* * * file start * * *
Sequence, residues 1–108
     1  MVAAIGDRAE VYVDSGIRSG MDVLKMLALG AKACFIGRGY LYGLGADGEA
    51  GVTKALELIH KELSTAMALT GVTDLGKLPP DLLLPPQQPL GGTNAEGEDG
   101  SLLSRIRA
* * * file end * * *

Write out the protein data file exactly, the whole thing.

Sequence, residues 1–108
     1  MVAAIGDRAE VYVDSGIRSG MDVLKMLALG AKACFIGRGY LYGLGADGEA
    51  GVTKALELIH KELSTAMALT GVTDLGKLPP DLLLPPQQPL GGTNAEGEDG
   101  SLLSRIRA